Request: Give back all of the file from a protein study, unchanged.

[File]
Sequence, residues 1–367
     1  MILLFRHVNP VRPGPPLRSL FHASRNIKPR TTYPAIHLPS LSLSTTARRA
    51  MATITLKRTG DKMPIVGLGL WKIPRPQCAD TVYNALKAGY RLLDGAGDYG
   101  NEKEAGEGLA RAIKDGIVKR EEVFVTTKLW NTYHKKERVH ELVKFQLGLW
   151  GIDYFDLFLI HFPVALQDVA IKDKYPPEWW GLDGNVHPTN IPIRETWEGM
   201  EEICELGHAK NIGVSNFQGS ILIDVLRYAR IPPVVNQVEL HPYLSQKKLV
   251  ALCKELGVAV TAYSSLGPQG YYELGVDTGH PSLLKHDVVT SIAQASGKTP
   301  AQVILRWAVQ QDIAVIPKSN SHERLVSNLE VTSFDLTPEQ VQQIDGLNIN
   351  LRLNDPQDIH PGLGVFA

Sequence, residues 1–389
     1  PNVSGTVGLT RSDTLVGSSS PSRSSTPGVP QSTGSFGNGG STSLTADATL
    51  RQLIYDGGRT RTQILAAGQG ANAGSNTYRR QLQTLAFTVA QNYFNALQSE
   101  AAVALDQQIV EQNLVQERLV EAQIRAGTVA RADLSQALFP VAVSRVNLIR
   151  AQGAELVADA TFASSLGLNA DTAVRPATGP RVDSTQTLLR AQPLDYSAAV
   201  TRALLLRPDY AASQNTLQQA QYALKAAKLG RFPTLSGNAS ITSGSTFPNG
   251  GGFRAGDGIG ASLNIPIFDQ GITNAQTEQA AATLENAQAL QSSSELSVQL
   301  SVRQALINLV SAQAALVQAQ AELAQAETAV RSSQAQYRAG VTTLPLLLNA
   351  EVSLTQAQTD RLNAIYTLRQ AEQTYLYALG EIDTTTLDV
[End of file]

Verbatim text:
Sequence, residues 1–367
     1  MILLFRHVNP VRPGPPLRSL FHASRNIKPR TTYPAIHLPS LSLSTTARRA
    51  MATITLKRTG DKMPIVGLGL WKIPRPQCAD TVYNALKAGY RLLDGAGDYG
   101  NEKEAGEGLA RAIKDGIVKR EEVFVTTKLW NTYHKKERVH ELVKFQLGLW
   151  GIDYFDLFLI HFPVALQDVA IKDKYPPEWW GLDGNVHPTN IPIRETWEGM
   201  EEICELGHAK NIGVSNFQGS ILIDVLRYAR IPPVVNQVEL HPYLSQKKLV
   251  ALCKELGVAV TAYSSLGPQG YYELGVDTGH PSLLKHDVVT SIAQASGKTP
   301  AQVILRWAVQ QDIAVIPKSN SHERLVSNLE VTSFDLTPEQ VQQIDGLNIN
   351  LRLNDPQDIH PGLGVFA

Sequence, residues 1–389
     1  PNVSGTVGLT RSDTLVGSSS PSRSSTPGVP QSTGSFGNGG STSLTADATL
    51  RQLIYDGGRT RTQILAAGQG ANAGSNTYRR QLQTLAFTVA QNYFNALQSE
   101  AAVALDQQIV EQNLVQERLV EAQIRAGTVA RADLSQALFP VAVSRVNLIR
   151  AQGAELVADA TFASSLGLNA DTAVRPATGP RVDSTQTLLR AQPLDYSAAV
   201  TRALLLRPDY AASQNTLQQA QYALKAAKLG RFPTLSGNAS ITSGSTFPNG
   251  GGFRAGDGIG ASLNIPIFDQ GITNAQTEQA AATLENAQAL QSSSELSVQL
   301  SVRQALINLV SAQAALVQAQ AELAQAETAV RSSQAQYRAG VTTLPLLLNA
   351  EVSLTQAQTD RLNAIYTLRQ AEQTYLYALG EIDTTTLDV